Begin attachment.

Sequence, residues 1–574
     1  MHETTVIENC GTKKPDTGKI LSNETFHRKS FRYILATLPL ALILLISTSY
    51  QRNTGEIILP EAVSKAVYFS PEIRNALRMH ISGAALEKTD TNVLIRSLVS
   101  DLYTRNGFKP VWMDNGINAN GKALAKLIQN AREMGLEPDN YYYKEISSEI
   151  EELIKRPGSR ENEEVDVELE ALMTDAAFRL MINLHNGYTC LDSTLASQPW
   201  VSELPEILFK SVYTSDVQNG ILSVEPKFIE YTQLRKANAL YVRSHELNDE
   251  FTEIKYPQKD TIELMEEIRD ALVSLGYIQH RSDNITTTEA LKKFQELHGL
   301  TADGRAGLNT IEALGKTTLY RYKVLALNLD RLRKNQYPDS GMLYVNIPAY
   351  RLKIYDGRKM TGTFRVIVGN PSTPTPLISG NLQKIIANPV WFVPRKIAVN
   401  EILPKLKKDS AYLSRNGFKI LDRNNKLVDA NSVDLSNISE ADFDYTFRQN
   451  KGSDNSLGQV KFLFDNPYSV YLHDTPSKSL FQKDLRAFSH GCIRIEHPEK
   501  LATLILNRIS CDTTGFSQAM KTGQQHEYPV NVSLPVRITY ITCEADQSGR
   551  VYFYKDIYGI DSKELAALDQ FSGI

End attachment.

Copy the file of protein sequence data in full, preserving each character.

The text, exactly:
Sequence, residues 1–574
     1  MHETTVIENC GTKKPDTGKI LSNETFHRKS FRYILATLPL ALILLISTSY
    51  QRNTGEIILP EAVSKAVYFS PEIRNALRMH ISGAALEKTD TNVLIRSLVS
   101  DLYTRNGFKP VWMDNGINAN GKALAKLIQN AREMGLEPDN YYYKEISSEI
   151  EELIKRPGSR ENEEVDVELE ALMTDAAFRL MINLHNGYTC LDSTLASQPW
   201  VSELPEILFK SVYTSDVQNG ILSVEPKFIE YTQLRKANAL YVRSHELNDE
   251  FTEIKYPQKD TIELMEEIRD ALVSLGYIQH RSDNITTTEA LKKFQELHGL
   301  TADGRAGLNT IEALGKTTLY RYKVLALNLD RLRKNQYPDS GMLYVNIPAY
   351  RLKIYDGRKM TGTFRVIVGN PSTPTPLISG NLQKIIANPV WFVPRKIAVN
   401  EILPKLKKDS AYLSRNGFKI LDRNNKLVDA NSVDLSNISE ADFDYTFRQN
   451  KGSDNSLGQV KFLFDNPYSV YLHDTPSKSL FQKDLRAFSH GCIRIEHPEK
   501  LATLILNRIS CDTTGFSQAM KTGQQHEYPV NVSLPVRITY ITCEADQSGR
   551  VYFYKDIYGI DSKELAALDQ FSGI